CHARLOTTE AMALIE, ST. THOMAS -- Cruise ship arrivals to the U.S.
Virgin Islands decreased by 19% during the 11 months that ended
Aug. 31, compared with the same period a year earlier, according to
the Virgin Islands Port Authority.
That drop translated into approximately 370,000 fewer cruise
passengers visiting the territory.
Tourism officials attributed about half of the drop to the
cessation of almost all cruise-ship calls to St. Croix, beginning
in April 2002. Ships skipped St. Croix because of concerns about
passenger safety and a lack of demand.
A sluggish economy, the reluctance of Americans to travel after
9/11, and the repositioning of several ships to ports north and
west of Miami for western Caribbean itineraries also contributed to
the territory-wide decline, VIPA said.
Meanwhile, on the other end of the spectrum, St. Vincent and the
Grenadines are about to be discovered, at least by cruise
Five inaugural visits and a 42% rise in cruise passengers are
expected this year, according to the Ministry of Tourism &
Princess Cruises' Sun Princess got the ball rolling in October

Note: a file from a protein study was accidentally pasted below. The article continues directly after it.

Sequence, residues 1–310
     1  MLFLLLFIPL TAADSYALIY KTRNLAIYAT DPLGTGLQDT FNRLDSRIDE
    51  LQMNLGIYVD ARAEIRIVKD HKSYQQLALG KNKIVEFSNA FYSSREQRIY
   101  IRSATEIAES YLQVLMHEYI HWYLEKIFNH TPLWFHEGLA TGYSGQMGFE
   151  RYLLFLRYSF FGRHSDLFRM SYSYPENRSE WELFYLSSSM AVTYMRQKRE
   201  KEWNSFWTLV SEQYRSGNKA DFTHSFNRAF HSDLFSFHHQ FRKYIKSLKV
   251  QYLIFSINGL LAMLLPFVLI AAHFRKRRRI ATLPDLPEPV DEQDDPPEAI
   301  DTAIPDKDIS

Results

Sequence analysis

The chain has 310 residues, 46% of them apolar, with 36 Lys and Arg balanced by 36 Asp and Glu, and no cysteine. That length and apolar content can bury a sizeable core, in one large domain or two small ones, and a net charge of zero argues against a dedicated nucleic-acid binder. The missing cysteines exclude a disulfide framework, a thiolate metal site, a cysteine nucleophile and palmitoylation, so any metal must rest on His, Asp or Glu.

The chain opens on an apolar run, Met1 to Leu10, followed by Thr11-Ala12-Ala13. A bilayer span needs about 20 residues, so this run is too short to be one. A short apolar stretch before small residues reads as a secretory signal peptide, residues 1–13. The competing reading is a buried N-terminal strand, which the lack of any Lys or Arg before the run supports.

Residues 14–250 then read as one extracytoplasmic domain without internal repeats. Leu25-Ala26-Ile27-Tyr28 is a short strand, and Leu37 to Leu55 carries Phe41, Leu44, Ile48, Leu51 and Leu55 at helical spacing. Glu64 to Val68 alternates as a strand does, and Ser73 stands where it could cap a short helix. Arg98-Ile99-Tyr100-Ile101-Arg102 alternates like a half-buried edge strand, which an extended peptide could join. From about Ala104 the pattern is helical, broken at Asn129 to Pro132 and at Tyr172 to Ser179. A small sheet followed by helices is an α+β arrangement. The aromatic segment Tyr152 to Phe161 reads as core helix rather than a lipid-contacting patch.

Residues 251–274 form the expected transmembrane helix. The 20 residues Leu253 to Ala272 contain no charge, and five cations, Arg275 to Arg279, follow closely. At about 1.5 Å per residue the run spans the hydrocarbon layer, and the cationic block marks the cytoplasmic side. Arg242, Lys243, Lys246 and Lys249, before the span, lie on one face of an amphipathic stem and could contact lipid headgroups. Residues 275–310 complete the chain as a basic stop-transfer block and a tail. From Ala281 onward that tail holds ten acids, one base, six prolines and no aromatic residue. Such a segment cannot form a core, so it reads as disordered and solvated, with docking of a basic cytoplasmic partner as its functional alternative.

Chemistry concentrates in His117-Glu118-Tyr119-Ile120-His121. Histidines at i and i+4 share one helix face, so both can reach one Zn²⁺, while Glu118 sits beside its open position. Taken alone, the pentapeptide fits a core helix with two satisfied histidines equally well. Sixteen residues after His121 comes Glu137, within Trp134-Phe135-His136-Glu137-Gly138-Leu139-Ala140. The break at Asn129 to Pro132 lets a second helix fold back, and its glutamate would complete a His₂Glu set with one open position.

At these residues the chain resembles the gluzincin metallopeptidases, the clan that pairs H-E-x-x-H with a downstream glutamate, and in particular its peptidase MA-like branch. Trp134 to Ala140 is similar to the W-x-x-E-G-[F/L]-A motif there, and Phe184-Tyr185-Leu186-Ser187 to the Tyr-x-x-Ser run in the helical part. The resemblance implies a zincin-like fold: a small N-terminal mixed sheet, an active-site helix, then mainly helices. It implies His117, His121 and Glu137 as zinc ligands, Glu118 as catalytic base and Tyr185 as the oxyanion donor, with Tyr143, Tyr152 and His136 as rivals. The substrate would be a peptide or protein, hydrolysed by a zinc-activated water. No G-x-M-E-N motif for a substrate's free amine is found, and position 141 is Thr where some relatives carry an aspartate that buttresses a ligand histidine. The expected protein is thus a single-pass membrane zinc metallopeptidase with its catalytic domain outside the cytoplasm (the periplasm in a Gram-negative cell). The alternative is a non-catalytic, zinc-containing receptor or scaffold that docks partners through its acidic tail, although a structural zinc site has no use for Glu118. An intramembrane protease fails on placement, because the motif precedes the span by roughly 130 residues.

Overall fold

with its first of eight calls through April. Four European ships
also will drop anchor in Kingstown, St. Vincent, for the first time
In all, more than 120,000 cruise travelers on 226 port calls are
scheduled to visit St. Vincent as well as the islands of Bequia,
Tobago Cays, Mayreau and Canouan.
The Ministry of Tourism & Culture has actively courted
cruise business since opening its new terminal in 2000. Last year,
cruse passengers accounted for 28% of visitor arrivals, which
Rene Baptiste, minister, cited a report by the Cruise Lines
International Association which stated that St. Vincent and the
Grenadines "resonate well with cruise passengers because of the
diversity of activities and historical sites offered."
To contact reporter Gay Nagle Myers, send e-mail to [email protected].